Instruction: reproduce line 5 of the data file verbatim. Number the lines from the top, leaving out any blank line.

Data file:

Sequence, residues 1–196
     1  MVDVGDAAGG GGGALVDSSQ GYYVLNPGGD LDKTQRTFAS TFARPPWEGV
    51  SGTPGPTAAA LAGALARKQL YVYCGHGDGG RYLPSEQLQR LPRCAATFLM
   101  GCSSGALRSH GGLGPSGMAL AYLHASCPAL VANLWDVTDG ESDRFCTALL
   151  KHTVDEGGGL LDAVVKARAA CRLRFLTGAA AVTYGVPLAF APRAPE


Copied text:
   151  KHTVDEGGGL LDAVVKARAA CRLRFLTGAA AVTYGVPLAF APRAPE